How One Travel Brand Uses Social Media to Reach a Global Audience | Hootsuite Blog

How One Travel Brand Uses Social Media to Reach a Global Audience

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Social media continues to change the way we buy. As a global brand, how do you adapt to reach your customers?

In this episode of the Hootcast podcast, we chat with Arnaud de Broves, digital marketing manager at leading hotel operator AccorHotels, about their strategy for reaching customers at every stage in the buyer journey.

Hootsuite’s Jaime Stein follows up with tips for brands looking to better connect with customers on social.

Press play to hear the show in its entirety, or if you don’t have a set of earbuds handy, read the transcription of our conversation with AccorHotels below.

In this podcast you’ll learn:

  • Why it’s important to reach customers on social
  • How global brands do social across timezones
  • What the “experience economy” is and why it matters
  • How brands are delivering amazing experiences on social

Q&A with AccorHotels digital marketing manager Arnaud de Broves

How has social media changed the tourism and hospitality industry? Why do you believe it’s important for hotels to adapt to these changes?

Around 77 percent of travelers look for their next travel destination on social media. During their stay—whether they are in a hotel, Airbnb, or hostel—one third of travelers publish pictures on their social networks’ personal accounts. So we know that our customers share their experiences on social media. Therefore, any travel-related company has no choice but to be active on social media, too.

What has AccorHotels been doing to adapt to these changes to be more customer-centric?

We have identified the customer journey of an AccorHotels client with seven steps. These steps are: dream, select, book, prepare, stay, share, and return. Our digital plan aims at being present at each step of this journey.

Today we own around 4,000 Facebook Pages within the AccorHotels group. We came up with a solution to give our local teams and hotels the opportunity to become more efficient when it comes to managing their social accounts.

Our solution is the Social Desk. The Social Desk is the AccorHotels global tool aimed at enhancing our social presence at every stage of the journey and helps our brands and hotels be more efficient.

It has been built around three pillars. The first one is the inspiration platform, which has example content for our local brands to get inspiration. The second pillar is a training platform where teams can learn about social networks and how to manage them. And the third pillar is the management tools that we offer to the hotels. Two of them are Hootsuite Amplify and Hootsuite Enterprise, which are adapted for all hotels to manage their social media presence.

AccorHotels has over 4,000 hotels in 92 countries on five continents. As a global brand how does the Social Desk allow you to give a consistent experience to all your customers in every region?

One of our big aims over the next 12 months is to increase social media maturity across all departments. By bringing everyone to a similar level with training, consistent content, and social management, we can offer a consistent experience across 4,000 hotels globally.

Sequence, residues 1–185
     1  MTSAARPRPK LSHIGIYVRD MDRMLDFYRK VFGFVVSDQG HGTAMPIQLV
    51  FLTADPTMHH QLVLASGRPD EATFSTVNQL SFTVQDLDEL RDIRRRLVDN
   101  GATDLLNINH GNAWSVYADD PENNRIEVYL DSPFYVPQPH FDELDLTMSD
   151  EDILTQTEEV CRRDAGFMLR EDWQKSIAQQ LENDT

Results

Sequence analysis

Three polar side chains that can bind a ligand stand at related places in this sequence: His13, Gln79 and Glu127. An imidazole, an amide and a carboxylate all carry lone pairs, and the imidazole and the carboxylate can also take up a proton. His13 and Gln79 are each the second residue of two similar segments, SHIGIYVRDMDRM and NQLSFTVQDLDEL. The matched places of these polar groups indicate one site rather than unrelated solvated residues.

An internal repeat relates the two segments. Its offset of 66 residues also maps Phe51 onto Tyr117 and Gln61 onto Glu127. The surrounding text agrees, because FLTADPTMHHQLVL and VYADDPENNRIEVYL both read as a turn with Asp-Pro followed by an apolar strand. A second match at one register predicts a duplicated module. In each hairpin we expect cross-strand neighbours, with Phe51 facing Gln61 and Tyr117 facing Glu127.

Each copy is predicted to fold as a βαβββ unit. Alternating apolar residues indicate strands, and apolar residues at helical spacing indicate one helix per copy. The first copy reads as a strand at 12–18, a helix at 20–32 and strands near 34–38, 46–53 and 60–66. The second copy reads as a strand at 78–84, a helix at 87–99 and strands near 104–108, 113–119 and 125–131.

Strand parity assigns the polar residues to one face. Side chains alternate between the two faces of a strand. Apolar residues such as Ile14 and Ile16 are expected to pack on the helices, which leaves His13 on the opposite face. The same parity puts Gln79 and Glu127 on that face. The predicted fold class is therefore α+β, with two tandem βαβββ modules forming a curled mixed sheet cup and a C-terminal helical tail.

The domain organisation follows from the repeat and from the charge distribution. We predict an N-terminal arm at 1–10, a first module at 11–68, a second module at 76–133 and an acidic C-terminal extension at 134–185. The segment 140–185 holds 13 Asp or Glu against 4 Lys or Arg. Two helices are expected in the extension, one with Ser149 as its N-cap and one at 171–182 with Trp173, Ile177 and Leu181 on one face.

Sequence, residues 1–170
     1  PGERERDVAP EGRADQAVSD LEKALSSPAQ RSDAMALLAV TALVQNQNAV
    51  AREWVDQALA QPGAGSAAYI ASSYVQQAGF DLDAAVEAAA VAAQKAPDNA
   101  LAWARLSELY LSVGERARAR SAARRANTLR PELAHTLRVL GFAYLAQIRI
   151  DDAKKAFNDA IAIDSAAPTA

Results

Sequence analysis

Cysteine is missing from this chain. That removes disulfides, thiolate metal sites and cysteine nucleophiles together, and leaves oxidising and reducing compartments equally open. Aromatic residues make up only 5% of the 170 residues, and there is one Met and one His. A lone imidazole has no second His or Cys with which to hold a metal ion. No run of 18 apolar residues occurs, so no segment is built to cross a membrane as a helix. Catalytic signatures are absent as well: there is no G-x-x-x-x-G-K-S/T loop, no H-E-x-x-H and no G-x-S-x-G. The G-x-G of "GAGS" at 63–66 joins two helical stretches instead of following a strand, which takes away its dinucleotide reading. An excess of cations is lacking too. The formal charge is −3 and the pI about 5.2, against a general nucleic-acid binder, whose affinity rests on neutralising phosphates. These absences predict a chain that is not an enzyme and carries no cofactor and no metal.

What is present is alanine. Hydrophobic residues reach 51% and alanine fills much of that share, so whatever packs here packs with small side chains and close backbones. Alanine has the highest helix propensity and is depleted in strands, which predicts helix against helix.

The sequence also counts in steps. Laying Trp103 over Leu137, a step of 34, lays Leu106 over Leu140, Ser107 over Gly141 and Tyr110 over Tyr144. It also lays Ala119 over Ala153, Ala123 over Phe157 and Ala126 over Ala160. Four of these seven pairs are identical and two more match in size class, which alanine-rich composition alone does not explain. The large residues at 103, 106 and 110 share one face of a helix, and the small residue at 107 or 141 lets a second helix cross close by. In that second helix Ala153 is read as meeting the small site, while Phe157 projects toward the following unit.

And what is the thinking behind an innovation like the Social Desk?

The main idea behind the Social Desk is to change the way we manage social media among our brands’ teams, which includes strategies, guidelines, and recommendations for the hotels.

Before the Social Desk, our hotels’ online presences were very isolated from one another. That’s when we realized we needed a global tool. The Social Desk provides one tool adapted for multiple teams, which is key for the success of our hotels.

Well, it definitely sounds like the right tool given what you’re trying to accomplish. So, in your experience do you have a success story that you could share with us about the Accor Social Desk?

A big goal of the Social Desk is to have 100 percent of our hotels active on social media. If we take Facebook, for example, in one year we achieved 1,500 active pages when there were only 700 a year ago. We see this increased adoption as the first big indicator of success.

One last question for you. In one of your talks here at Hootsuite I heard you mention the ‘Thank You Score.’ Could you tell our listeners about what that is and what it means to you?

The Thank You Score measures the happiness of our customers on social media. For example, if someone complains on Twitter saying that a hotel bathroom was dirty, our goal is to end the conversation with a message from this customer saying thank you to customer care. It means that we’ve fixed the problem and that the customer who was angry is now happy with the relationship that we have.

I remember you saying people are just as likely to Tweet or post about a problem as call the front desk. So to be able to monitor guest feedback and turn customer complaints into a thank you or positive experience means that a guest is more likely to recommend or re-book with you in the future.

Absolutely. It’s very important that we never forget the last two steps of the consumer journey, which are share and return. We’re much more likely to get positive reviews on Booking.com, TripAdvisor, or Facebook—and of course, return—when the customer is happy.

Exactly. A successful customer journey ends in a bit of a loop. And that is definitely important here in the tourism and hospitality industry, but really this thinking can be applied to any business out there.

Thank you for joining us and sharing your story.

Listen to the Full Episode